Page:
Under the bill, various health care providers would get their professional licenses revoked in Kentucky if they provide hormone therapy, puberty blockers that delay puberty (and are reversible) or surgical procedures to someone under 18 years old as part of transition-related care.

Generally speaking, gender-affirming care already is difficult for trans minors and adults to access. Experts say the decision for a trans person under 18 years old to receive puberty blockers or hormone therapy is reached through careful consultations between the child, their parents and their health care providers, as recommended by major medical associations.

It’s incredibly rare for a minor to receive any form of gender-affirming surgery.

“This bill asks me to go against the American Medical Association, American Psychiatric Association and the American Psychological Association. How can you ask professionals to do that?” Joyner told lawmakers Thursday.

Research has shown trans and nonbinary youths who've received gender-affirming care, which includes but is not limited to the medical services HB 470 would prohibit, have experienced reductions in depression and suicidal thoughts.

A 2022 national survey by a suicide prevention organization called The Trevor Project indicated over 50% of trans and nonbinary youths had seriously considered suicide within the last year.

Rep. Jennifer Decker, a Republican from Waddy and the bill’s sponsor, said she is concerned children could be hurt in irreversible ways if they receive the gender-affirming services her bill would prohibit.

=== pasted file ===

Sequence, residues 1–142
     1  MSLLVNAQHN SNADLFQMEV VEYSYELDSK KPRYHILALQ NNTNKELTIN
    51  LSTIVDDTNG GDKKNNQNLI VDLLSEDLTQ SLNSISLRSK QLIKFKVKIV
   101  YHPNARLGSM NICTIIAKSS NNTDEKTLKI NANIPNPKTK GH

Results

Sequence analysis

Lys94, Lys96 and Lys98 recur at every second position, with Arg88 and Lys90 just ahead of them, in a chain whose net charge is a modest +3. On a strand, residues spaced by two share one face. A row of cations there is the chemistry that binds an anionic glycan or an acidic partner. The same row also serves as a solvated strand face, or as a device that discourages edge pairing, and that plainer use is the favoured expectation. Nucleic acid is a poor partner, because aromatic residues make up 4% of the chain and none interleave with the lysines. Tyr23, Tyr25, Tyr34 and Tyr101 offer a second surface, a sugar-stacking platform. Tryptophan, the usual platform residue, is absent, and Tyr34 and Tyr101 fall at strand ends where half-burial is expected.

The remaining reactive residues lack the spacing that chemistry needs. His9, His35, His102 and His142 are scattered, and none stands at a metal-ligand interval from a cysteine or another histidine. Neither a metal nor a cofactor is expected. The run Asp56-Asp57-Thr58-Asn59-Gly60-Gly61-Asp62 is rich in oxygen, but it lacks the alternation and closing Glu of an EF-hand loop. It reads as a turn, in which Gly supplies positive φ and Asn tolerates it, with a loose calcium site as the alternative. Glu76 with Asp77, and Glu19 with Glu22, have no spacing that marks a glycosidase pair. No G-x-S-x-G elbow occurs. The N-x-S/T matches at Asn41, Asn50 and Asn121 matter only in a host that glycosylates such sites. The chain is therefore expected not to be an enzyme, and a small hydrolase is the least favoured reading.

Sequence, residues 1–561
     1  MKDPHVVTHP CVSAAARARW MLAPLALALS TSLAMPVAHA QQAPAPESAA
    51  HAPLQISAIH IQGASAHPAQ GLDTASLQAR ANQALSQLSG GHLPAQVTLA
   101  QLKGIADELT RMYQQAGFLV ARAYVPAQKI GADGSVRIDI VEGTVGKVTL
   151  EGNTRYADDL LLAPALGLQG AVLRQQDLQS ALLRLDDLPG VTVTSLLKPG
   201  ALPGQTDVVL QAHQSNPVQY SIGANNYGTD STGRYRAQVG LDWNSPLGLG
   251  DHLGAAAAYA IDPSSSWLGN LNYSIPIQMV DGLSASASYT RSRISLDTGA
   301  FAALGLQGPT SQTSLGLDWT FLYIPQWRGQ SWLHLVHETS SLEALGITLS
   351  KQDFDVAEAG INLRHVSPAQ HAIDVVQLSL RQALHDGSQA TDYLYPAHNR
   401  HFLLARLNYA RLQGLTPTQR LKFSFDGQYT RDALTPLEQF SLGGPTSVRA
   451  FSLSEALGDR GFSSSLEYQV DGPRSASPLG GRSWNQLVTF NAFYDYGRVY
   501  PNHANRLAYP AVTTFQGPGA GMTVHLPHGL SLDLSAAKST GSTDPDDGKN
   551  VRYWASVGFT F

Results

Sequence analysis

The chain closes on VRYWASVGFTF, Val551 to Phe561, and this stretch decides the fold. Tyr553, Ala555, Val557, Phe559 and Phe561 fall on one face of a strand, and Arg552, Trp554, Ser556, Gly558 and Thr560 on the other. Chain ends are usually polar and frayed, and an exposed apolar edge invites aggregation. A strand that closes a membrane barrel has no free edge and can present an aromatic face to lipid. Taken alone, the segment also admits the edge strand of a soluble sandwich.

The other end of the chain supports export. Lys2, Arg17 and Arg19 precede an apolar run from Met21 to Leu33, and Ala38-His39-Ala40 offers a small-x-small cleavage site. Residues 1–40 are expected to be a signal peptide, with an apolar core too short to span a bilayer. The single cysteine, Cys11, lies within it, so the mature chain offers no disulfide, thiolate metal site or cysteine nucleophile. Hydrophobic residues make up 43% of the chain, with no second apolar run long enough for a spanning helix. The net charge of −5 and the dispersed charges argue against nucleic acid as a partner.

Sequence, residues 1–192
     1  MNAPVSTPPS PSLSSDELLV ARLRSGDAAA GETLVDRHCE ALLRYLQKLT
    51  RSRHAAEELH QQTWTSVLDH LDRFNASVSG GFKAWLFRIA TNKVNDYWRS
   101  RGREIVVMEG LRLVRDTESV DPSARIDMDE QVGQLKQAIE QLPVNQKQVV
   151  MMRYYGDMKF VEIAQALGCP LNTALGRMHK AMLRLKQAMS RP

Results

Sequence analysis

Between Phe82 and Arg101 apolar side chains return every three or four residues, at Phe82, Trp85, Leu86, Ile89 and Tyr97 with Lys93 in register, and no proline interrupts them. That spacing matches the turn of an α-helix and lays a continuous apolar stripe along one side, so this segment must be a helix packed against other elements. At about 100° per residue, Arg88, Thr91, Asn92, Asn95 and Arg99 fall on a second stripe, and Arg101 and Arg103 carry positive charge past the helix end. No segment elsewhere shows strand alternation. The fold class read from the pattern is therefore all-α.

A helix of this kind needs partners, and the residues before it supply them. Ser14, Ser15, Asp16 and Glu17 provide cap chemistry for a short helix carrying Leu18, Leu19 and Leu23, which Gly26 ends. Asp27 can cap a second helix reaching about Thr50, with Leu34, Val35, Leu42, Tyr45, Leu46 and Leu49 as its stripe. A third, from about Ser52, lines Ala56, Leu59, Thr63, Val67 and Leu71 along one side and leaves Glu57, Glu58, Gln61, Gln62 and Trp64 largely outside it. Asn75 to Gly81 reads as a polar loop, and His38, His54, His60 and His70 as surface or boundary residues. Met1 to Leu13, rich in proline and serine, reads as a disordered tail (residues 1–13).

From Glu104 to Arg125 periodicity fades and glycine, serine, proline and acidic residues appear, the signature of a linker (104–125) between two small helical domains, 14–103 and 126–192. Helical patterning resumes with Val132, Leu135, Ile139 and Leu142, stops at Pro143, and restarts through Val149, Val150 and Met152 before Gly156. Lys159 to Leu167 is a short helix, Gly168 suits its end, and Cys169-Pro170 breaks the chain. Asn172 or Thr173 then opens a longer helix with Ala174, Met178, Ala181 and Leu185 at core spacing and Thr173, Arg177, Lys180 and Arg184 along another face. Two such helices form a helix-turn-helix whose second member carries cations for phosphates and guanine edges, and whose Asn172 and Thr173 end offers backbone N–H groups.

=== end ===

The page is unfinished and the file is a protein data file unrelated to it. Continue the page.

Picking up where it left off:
“I have great compassion for the children, parents and their families who are in this situation. However, ultimately, it is our obligation to protect children from irreparable harm,” Decker said. “The state has a compelling interest in protecting children from decisions that cause irreparable harm.”

When Decker presented her bill to the House Judiciary Committee, four people testified alongside her in support of the proposal. Three of them do not live in Kentucky and have publicly supported anti-trans legislation in other states, including Dr. Andre Van Mol of California, who’s affiliated with the American College of Pediatricians – an organization the Southern Poverty Law Center has designated as an anti-LGBTQ hate group.

HB 470 is one of several bills Republican lawmakers have introduced in Kentucky this year that could negatively affect LGBTQ people. Here and in other states, right-wing officials increasingly are pursuing policies that would restrict trans children and adults’ access to gender-affirming care and their ability to participate in sports and other aspects of public life.

Kentucky’s legislature passed a law last year that banned trans girls and women from participating in girls’ and women’s school sports teams from middle school through college, for example. And a bill that would allow public school teachers to misgender trans students already cleared the state Senate this year.

Support for this story was provided in part by theJewish Heritage Fund.

Morgan is LPM's health & environment reporter. Email Morgan at mwatkins@lpm.org.